Therapy is an incredible tool for different mental health symptoms, including anxiety and coping with traumatic events. And, while talk therapy, in particular, can be ultra-beneficial for many types of concerns, there is another type of therapy that can be used in conjunction with talk therapy to help speed up the healing process. This type of therapy is called Eye Movement Desensitization and Reprocessing — a.k.a. EMDR — and is all about supporting the way the brain naturally reprocesses information so that you can heal mentally and emotionally.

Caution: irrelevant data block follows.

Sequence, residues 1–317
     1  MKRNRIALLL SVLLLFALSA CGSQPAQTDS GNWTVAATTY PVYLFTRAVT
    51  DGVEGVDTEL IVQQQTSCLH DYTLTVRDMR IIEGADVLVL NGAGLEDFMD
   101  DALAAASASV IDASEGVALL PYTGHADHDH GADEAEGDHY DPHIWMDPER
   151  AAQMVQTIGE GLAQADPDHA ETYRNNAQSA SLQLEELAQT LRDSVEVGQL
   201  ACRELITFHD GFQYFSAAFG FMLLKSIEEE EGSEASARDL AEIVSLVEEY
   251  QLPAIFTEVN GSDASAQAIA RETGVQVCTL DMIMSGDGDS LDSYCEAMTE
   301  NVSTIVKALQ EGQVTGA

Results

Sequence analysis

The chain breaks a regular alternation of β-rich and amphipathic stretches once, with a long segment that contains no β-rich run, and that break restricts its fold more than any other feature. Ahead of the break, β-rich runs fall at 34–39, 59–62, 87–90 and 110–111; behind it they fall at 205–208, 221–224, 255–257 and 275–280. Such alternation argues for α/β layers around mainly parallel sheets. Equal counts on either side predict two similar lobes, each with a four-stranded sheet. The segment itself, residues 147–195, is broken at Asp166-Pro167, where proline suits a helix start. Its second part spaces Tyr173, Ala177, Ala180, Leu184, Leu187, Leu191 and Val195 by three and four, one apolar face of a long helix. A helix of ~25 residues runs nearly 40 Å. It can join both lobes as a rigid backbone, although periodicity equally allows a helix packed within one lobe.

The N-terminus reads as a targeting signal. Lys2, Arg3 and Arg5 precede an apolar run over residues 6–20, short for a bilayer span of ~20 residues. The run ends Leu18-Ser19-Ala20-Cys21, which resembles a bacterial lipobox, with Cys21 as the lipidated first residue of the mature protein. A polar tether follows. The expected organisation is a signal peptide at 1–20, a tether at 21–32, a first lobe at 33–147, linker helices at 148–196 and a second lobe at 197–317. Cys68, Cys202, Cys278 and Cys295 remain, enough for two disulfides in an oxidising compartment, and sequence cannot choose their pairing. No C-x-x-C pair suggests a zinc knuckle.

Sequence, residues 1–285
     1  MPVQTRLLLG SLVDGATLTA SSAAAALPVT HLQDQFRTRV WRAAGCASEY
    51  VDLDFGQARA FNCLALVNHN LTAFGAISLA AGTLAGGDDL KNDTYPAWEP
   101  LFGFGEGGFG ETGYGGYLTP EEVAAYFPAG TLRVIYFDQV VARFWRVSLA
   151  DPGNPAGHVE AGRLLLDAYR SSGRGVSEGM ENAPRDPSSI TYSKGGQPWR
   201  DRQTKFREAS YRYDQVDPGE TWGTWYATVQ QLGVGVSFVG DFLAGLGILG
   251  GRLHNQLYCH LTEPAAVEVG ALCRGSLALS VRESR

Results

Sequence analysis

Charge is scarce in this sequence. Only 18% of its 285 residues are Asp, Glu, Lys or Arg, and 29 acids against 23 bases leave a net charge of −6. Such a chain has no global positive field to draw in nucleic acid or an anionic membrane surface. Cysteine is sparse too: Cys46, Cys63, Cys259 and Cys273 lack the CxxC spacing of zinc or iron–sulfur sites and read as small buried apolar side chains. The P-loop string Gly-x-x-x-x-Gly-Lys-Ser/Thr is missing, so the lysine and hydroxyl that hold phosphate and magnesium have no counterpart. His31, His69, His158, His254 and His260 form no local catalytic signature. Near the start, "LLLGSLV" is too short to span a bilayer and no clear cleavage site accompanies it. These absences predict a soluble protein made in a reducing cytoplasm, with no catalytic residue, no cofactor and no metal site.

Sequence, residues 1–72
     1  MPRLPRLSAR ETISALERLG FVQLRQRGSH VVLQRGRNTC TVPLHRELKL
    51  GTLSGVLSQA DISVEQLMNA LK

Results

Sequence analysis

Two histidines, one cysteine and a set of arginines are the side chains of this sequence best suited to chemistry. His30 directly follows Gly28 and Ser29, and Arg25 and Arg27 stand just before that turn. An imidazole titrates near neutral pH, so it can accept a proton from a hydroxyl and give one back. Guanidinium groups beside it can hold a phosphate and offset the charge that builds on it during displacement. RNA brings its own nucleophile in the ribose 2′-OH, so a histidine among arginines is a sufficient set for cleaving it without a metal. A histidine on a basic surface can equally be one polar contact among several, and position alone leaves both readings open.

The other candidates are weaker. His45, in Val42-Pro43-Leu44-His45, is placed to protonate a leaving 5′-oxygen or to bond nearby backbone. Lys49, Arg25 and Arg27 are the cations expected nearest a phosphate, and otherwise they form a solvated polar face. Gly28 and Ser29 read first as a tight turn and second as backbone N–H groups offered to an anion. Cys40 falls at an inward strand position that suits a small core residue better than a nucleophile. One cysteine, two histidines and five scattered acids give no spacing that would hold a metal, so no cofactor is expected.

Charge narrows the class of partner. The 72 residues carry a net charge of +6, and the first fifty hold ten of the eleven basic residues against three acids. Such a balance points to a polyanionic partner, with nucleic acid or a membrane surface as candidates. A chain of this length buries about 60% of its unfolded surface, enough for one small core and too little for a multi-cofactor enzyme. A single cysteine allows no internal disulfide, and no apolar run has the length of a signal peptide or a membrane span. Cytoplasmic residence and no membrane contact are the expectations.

“EMDR is different from other treatment modalities because it does not require talking in detail about the distressing issues or completing homework in between sessions,” says Djuan Short. Instead, a trained EMDR therapist will help determine a target event to focus on, and utilize either eye movements or a tapping technique to support the brain’s reprocessing function. And, because it supports the brain’s natural way of healing, this type of therapy can address concerns faster than other types of therapy.
Up ahead, we find out more about how EMDR works, the benefits, and a personal account of what it’s like to experience a session.
Meet the Experts
Djuan Short is an Intuitive and Holistic Licensed Clinical Social Worker, EMDR Certified Therapist, Certified Trauma Competent Professional, and Yoga Therapist.
Benefits of EMDR